Creativity, Communication and Musical Experience

Negus, Keith and Pickering, Michael. 2002. Creativity, Communication and Musical Experience. In: Keith Negus and David Hesmondhalgh, eds. Popular Music Studies. London: Arnold, pp. 178-190. ISBN 0 340 76248 9 [Book Section]

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Abstract or Description

Creativity is one of the most important yet unexplored issues in the study of popular music. Its significance is routinely noted, usually in passing, and its value often taken for granted. Its conceptual status in music studies is that of an unquestioned commonplace. Most of all, it is raised in reference to what is taken to be in opposition to it, to what is held as restricting or obstructing its realisation and potential. This may be the obtuseness of executive managers, the interference of moral guardians, the financial imperatives driving the global entertainment industry, or any number of other factors or forces. Creativity is then invoked as a lucky talisman in a critical argument about something else. What it involves in its own right or what meanings it is made to carry are seldom subject to any critical attention. This neglect may be due, at least in part, to the difficulties associated with the term, for as soon as we start to look at all closely at the idea of creativity, we quickly become aware of a plethora of contradictory images and associations, assertions and judgements. If these are part of the problem, they cannot be negotiated simply by turning away and passing on to what are deemed to be more pressing concerns. In this chapter we want to begin grappling with all that is caught up in the concept of musical creativity, however difficult this may be. N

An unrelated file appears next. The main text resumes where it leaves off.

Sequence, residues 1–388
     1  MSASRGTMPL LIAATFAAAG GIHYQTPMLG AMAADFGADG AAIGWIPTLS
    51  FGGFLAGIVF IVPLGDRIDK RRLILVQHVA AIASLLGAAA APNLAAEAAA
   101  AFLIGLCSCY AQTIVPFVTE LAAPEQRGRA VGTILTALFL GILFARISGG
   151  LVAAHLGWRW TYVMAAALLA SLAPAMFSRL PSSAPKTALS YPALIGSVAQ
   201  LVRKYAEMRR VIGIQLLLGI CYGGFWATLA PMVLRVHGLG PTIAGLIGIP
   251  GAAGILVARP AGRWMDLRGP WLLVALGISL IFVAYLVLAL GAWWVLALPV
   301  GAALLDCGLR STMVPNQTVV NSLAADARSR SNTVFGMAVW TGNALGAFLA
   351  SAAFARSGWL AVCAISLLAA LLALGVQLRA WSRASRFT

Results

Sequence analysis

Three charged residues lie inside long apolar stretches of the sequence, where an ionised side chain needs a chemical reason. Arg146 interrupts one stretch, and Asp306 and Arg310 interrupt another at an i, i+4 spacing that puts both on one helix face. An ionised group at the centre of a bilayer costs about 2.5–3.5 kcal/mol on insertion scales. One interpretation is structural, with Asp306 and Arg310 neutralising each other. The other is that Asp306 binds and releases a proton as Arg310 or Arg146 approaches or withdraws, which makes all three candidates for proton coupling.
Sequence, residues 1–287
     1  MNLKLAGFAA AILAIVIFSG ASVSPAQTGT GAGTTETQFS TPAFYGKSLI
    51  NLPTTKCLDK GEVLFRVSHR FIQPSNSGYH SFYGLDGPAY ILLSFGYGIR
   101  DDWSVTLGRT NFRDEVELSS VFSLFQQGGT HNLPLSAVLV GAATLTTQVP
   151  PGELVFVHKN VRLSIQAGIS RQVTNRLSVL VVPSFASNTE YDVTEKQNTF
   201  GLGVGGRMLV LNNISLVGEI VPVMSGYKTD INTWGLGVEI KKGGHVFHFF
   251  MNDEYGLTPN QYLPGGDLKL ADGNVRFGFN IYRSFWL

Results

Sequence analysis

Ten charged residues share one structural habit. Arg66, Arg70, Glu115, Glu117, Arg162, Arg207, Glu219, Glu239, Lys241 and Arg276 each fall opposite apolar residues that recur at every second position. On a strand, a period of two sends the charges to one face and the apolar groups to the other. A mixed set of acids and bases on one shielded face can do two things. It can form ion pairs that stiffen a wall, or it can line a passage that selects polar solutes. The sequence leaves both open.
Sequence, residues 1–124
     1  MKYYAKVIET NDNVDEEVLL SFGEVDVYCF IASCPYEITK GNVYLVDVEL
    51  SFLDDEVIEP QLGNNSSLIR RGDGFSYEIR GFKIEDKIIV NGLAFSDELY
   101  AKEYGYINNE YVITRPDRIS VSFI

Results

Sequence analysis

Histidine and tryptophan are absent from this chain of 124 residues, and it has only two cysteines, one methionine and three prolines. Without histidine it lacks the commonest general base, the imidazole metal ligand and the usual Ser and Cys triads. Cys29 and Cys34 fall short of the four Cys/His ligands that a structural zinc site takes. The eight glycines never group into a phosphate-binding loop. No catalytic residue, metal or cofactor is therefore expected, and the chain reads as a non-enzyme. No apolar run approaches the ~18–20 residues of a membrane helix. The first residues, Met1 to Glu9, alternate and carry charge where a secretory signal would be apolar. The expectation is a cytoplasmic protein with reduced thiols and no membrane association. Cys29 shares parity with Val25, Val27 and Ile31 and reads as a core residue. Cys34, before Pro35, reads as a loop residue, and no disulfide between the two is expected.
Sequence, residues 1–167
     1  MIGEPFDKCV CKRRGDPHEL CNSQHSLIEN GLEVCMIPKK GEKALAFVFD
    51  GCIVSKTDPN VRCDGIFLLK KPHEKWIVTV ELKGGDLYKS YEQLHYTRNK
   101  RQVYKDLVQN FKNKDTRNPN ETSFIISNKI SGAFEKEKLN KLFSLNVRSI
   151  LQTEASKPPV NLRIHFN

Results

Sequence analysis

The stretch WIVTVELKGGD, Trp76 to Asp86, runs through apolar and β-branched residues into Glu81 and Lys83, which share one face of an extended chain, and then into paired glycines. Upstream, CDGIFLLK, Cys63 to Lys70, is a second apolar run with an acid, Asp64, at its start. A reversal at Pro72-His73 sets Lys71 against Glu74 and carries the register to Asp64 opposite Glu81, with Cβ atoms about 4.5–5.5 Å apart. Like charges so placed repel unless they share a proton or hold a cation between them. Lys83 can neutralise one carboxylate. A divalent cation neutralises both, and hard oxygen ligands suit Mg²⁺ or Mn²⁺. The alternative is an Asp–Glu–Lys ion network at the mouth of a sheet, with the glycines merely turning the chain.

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Book Section

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Redrafted version of chapter


creativity, musicians, cultural value

Departments, Centres and Research Units:

Music > Popular Music Research Unit



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Date Deposited:

21 Jun 2013 07:48

Last Modified:

29 Apr 2020 15:52


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